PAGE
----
27.12.2004 Christmas special: 25 years of the lancia delta - the ultimate pocket rocket rally extraordinaire 

This year marks a quarter-century since the launch of the original Lancia Delta, probably the marque’s best-known model in recent memory and apart from the Y10 / Ypsilon family, also its most successful. Given that 2004 also marks a decade since the last Delta Integrale rolled out of Maggiora’s Chivasso factory, it seems an appropriate time to recall the life and times of Lancia’s belated replacement for the Fulvia, a car perhaps best-remembered as the most successful rally car of all time.

The story all started back in 1975 when Fiat and Saab started a joint development effort to develop a compact luxury hatchback, known as the ‘600 Project’. Internally known by Lancia as the ‘Y5’, Giorgetto Giugiaro was approached to develop the new compact hatchback architecture, which resulted in a pleasing and groundbreaking 2-box design. Lancia’s collaboration with Saab also resulted in the development of new rust proofing techniques.

The design process by Giorgetto Giugiaro shows how the Delta's nose evolved from the modern Pininfarina range (Gamma, Beta Montecarlo) to its own character.
Jointly developed with Saab, the Delta marked a new era in hatchback design. Rust-proofing techniques from the Swedish manufacturer helped preserve the robust image of the Delta over the years.

The reason for the Fiat-Saab joint venture was due to the oil crisis, which had started to choke European producers by the mid-seventies as a result of higher production costs and stiff competition from Japanese imports.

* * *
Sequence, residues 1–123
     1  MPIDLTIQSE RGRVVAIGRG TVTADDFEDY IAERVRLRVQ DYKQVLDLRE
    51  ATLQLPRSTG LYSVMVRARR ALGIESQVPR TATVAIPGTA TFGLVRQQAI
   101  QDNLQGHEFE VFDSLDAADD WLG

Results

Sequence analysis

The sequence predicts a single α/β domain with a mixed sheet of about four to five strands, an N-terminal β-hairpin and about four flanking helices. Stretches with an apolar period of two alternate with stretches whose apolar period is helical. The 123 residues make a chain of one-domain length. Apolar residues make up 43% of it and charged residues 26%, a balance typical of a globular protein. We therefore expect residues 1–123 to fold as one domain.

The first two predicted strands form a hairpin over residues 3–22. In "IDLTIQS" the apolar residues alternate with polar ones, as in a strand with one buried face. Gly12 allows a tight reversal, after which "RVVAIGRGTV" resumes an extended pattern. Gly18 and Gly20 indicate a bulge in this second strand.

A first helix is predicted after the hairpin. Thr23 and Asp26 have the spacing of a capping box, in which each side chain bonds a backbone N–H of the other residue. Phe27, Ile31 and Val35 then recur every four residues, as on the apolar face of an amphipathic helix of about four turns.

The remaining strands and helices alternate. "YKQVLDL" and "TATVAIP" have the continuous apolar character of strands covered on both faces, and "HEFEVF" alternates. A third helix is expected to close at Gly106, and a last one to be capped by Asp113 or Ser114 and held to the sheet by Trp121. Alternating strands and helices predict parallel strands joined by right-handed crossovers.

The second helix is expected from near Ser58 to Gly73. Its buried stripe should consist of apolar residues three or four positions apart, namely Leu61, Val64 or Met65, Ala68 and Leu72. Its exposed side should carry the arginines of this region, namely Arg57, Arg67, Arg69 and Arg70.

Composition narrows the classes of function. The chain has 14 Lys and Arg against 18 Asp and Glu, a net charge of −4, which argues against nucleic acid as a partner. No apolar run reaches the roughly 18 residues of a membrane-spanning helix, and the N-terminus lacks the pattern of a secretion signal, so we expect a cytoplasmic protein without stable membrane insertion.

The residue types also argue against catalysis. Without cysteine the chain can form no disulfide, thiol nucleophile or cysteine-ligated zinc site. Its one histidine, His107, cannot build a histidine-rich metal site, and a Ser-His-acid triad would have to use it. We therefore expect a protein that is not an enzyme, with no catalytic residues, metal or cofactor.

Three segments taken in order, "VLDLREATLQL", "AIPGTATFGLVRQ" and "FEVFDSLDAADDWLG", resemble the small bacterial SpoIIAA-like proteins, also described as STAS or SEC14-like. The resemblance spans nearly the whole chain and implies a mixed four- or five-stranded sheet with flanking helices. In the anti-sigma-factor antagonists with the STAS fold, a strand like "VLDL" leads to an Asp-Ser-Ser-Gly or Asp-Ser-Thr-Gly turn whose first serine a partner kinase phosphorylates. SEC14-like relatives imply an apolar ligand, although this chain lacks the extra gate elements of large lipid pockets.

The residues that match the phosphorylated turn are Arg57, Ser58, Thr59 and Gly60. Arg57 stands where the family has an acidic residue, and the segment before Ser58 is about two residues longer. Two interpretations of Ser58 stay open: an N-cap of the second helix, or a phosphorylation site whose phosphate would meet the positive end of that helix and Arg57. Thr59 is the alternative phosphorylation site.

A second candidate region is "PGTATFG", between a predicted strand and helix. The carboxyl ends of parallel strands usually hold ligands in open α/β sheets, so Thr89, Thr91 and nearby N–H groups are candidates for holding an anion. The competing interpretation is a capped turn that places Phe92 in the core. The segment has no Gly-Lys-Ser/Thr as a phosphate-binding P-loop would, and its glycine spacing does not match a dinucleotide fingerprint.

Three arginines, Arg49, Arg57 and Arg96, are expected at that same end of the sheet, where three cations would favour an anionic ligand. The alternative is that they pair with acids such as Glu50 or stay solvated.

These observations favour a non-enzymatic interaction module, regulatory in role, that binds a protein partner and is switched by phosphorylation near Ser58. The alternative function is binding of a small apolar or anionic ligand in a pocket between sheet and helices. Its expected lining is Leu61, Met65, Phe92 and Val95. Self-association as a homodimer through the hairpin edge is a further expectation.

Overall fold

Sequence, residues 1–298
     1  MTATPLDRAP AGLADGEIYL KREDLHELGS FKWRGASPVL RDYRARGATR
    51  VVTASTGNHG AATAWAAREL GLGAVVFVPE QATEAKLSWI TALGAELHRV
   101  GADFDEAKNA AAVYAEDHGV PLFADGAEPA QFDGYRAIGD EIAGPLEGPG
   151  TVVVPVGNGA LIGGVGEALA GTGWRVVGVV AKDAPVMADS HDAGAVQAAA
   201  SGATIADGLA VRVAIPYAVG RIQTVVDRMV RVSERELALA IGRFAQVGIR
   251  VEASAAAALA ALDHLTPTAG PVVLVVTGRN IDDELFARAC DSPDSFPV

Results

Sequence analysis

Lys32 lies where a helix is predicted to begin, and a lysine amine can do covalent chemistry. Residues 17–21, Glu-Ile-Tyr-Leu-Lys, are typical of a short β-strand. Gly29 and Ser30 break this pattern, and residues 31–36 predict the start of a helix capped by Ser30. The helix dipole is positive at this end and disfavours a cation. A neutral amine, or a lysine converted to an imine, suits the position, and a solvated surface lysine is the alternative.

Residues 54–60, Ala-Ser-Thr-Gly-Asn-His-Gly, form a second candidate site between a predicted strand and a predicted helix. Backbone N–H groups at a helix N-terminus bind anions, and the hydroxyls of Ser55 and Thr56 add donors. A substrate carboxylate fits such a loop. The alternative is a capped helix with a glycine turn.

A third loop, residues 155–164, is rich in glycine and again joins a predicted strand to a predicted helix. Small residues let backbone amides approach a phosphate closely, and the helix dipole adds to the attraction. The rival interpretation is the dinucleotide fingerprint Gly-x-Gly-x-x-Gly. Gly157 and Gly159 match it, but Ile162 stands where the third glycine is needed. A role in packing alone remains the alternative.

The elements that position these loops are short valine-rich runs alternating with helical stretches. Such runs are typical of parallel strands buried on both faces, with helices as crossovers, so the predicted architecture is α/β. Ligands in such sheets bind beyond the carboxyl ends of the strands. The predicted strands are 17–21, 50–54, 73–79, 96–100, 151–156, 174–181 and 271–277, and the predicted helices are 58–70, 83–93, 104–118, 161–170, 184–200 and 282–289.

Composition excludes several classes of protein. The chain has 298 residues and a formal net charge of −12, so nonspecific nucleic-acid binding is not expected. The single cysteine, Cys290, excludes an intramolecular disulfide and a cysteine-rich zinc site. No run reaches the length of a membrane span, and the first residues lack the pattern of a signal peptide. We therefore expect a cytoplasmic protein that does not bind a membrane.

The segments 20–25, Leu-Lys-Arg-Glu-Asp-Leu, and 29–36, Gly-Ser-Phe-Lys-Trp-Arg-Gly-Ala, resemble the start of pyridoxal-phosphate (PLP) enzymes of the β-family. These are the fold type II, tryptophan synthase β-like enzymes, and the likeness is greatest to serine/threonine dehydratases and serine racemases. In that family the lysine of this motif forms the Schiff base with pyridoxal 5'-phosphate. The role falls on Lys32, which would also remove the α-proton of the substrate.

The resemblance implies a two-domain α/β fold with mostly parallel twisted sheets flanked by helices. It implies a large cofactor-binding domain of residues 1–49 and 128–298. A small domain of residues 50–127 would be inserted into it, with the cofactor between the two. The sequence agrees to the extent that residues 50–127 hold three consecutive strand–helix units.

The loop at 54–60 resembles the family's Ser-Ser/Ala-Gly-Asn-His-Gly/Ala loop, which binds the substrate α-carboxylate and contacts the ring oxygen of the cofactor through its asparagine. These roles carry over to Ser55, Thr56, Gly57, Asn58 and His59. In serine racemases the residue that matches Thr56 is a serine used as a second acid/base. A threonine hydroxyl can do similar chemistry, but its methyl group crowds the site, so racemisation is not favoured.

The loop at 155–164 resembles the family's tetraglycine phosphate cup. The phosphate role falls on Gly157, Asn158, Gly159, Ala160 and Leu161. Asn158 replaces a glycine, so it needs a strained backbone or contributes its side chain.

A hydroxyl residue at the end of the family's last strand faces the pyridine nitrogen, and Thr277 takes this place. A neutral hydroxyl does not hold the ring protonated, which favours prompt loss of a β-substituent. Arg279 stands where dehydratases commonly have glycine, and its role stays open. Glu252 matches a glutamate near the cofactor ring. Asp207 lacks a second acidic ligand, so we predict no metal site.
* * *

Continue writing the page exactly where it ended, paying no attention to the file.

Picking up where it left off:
The Delta was launched in September 1979 at the Frankfurt Motor Show, and with Ermenegildo Zegna designer cloth upholstery as standard, it soon won over the hearts of fashion conscious people looking for an affordable car.

Marketed through Saab in Sweden as the Saab-Lancia 600 between 1980 and 1982 (yes, with Saab badges), the program went on to spawn the ‘Type Four’ project, which resulted in the Saab 9000, Lancia Thema, Fiat Croma and Alfa Romeo 164 (known during development as the 156!). Saab also marketed the Lancia A112 alongside.

The Delta’s brilliant design soon paid off, with the hatchback scooping up the prestigious European Car of the Year Award in 1980. Fending off competition from the Opel Kadett and Peugeot 505 (369 points versus 301 and 199 respectively), the front-wheel drive Delta was a clever take on the small-medium hatchback segment.  

The Audi A3 was touted by its maker in 1996 as being the first ‘prestige’ hatchback, but what was the Delta if not exactly that?  In the same way that all luxury 4x4s can trace their ancestry to the original Range Rover, the recent wave of hatches with a prestige nameplate, such as the A3, BMW 1-Series, Mercedes-Benz A-Class and even the Alfa 147, can all trace their ancestry back to the original Delta.  Widely praised at launch as a very neat contender and an integral part of the continuing turnaround of the marque under Fiat ownership, the launch of the ‘littlest Lancia’ coincided with a Europe-wide trend for downsizing, a trend set off by the oil crises of the seventies – people wanted the comfort and refinement levels of a luxury car, but also something that was easy to park in cities and economical at the petrol pump. 

Early on in its life, in 1982, a Delta also achieved a significant milestone when it became the last car to roll off the production line at Fiat’s world-famous Lingotto plant (of ‘The Italian Job’ fame).  

Lancia’s fourth letter of the Greek alphabet may have been based on humble Fiat Ritmo underpinnings, but the Giugiaro-penned shape was elegant and the interior appointments luxurious for the time.  

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